Wednesday, October 20, 2010

Welcome Kim Cash Tate, author of Faithful

Hey, Kim, welcome to my little ole web site! Your new book is out, Faithful, from Thomas Nelson. I’m excited for you. Tell us a little bit about the book and why you wrote this story.

KCT: Hey Rachel! Thanks for having me in your little ole corner of the web world! Faithful is about three female friends, each of whom finds herself in the midst of a struggle.

Cyd is turning 40 and wondering why God hasn’t sent her a husband, why her much younger sister is getting married on her 40th birthday--in which she’s the maid of honor!--and why her life is suddenly complicated by the playboy best man who’s showing interest in her.

Her friend, Dana, discovers that her husband is having an affair--and they’re co-leaders of the church’s marriage ministry. And Phyllis is a fairly new believer whose husband is hostile to her newfound faith. When she attends a college reunion, she’s drawn to another man--because he’s a strong Christian.

I wrote this story because I wanted to explore real life trials and real life responses to those trials--the questioning, the doubt, the fear, the weariness--as we try to hang on and trust God.

The back of the book asks, will they trust God’s faithfulness...and find the strength to be faithful to Him? That’s really what it’s about--that two-sided dynamic. God is always faithful, but we will we trust that, and will we be faithful to Him?

RH: What do you hope readers will take away from this book?

KCT: I hope readers will walk away with an abiding sense of God’s faithfulness. It doesn’t mean that everything in life will go the way we want it, or that we won’t encounter struggles, but if we look for His faithfulness, we’ll find it—it’s always there. I also hope readers will be inspired to grow in faithfulness toward God. I’ve gotten a lot of feedback already from readers who’ve been touched in these ways, and I’ve been thanking God.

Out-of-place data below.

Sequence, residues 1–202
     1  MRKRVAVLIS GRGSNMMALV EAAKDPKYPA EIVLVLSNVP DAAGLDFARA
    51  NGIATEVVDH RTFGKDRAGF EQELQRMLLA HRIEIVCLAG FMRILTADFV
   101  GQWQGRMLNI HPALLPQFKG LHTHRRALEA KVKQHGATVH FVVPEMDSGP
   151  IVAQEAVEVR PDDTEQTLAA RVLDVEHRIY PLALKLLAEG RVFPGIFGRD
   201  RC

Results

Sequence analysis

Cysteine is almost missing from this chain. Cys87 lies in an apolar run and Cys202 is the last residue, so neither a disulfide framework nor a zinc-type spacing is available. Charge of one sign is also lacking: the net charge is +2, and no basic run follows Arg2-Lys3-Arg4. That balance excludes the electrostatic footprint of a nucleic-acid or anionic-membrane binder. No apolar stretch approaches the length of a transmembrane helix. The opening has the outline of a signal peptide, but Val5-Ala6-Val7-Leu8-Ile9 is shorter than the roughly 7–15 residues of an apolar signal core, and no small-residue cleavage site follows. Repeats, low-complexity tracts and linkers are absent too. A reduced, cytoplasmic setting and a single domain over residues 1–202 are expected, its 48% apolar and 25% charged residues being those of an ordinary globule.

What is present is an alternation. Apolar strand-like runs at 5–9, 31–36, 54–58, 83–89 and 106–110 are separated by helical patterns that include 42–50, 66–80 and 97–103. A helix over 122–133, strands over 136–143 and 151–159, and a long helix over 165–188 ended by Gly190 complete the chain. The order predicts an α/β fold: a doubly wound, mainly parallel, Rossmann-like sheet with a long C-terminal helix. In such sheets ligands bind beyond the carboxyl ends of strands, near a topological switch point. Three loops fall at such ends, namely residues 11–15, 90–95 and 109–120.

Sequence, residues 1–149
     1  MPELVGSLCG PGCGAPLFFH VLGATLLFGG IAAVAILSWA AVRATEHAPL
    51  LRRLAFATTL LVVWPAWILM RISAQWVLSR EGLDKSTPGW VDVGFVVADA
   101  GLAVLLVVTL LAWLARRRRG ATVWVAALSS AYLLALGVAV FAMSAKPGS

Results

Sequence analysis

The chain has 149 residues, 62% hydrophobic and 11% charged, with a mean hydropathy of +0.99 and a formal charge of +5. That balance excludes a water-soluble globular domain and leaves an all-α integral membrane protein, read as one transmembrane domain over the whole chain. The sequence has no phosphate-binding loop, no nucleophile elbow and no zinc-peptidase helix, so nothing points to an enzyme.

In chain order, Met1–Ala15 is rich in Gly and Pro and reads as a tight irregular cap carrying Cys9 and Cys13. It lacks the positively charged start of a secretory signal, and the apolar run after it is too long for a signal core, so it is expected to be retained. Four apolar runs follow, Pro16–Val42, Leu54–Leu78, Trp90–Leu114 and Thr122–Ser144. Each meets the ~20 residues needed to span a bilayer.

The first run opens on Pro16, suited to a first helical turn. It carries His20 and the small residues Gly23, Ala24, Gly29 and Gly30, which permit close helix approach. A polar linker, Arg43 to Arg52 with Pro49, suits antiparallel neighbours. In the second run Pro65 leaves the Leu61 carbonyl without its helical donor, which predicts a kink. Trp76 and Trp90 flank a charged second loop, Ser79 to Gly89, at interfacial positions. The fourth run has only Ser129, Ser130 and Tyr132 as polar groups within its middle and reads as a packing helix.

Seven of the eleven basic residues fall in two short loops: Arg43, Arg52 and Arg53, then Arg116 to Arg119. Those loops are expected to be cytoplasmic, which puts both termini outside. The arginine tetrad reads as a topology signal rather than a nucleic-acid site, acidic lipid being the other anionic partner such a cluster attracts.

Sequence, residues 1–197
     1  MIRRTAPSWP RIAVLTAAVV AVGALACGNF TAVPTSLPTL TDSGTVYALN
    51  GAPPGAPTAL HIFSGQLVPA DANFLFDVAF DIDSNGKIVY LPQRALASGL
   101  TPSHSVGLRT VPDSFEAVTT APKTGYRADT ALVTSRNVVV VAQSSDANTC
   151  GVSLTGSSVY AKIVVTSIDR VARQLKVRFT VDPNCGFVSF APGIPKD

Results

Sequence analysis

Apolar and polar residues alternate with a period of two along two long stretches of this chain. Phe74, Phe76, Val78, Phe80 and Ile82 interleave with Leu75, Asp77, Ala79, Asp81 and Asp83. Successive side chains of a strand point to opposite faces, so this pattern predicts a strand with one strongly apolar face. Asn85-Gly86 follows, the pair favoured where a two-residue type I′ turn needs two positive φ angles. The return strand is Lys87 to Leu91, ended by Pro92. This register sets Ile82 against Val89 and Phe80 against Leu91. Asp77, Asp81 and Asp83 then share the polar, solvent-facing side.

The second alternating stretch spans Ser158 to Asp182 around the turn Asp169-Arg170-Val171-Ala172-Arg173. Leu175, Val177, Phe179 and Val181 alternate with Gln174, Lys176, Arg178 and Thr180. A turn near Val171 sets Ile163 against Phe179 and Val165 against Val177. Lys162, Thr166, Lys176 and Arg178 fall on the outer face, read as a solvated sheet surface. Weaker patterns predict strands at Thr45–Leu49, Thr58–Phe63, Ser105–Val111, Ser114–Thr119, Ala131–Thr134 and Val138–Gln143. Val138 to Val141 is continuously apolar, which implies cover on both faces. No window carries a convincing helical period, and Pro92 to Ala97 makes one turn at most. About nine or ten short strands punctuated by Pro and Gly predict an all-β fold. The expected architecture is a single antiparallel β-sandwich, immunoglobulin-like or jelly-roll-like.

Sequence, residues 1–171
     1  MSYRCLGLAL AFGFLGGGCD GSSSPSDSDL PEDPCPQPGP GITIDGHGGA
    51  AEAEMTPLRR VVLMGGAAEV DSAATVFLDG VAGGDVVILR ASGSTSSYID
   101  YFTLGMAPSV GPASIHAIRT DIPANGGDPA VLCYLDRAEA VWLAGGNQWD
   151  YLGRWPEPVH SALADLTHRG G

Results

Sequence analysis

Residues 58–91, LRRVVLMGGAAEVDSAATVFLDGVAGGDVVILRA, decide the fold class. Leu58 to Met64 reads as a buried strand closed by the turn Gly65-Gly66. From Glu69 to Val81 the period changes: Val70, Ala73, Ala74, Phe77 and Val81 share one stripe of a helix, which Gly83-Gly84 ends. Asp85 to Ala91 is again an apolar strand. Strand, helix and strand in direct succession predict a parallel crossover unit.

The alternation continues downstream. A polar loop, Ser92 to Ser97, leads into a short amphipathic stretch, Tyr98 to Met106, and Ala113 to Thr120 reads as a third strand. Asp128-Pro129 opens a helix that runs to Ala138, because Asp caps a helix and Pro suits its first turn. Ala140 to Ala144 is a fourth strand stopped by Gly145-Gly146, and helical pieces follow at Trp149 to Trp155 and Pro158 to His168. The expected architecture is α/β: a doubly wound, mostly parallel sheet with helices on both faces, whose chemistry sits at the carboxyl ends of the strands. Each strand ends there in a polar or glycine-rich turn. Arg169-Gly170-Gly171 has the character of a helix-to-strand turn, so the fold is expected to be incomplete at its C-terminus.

RH: Before writing and kids, you were a lawyer. Now you know I’m a closet lawyer like most lawyers are closet writers. Tell us about your legal work. Do you miss it? How do you stay in touch with your legal side?

KCT: Ah, yes, we writers do seem to have former lives, don’t we? After law school, I clerked for a federal judge in Wisconsin, then practiced civil litigation at a large law firm, ultimately making partner. I left when my kids were 1 and 3...and uh, no, can’t say I miss it. (smile) I came to know the Lord while at the firm, and I discovered that He had an entirely different plan for my life. Don’t you just love that He had a plan for us before time began? (RH: Yes! You and I've talked about this. We share this passion for people's destiny.)

But maybe one day, I’ll reconnect with my legal side...hmm, a contemporary romance that delves deep into issues of the heart, against the backdrop of a suspenseful courtroom drama… Wait, gotta jot down a story idea... (RH: Love that... jot fast!)

RH: How did you get started writing? Did you have a dream of being a published author?

KCT: Ha. Guess I’m one of the strange ones. I did not dream of being a published author. While on maternity leave with my firstborn, I was asking God what kind of home-based business I could start.

He was putting it in my heart to leave the firm, and I figured, “Okay, I’ll start a business from home.” But one day at church, I heard clearly in my heart that He wanted me to write about my spiritual journey.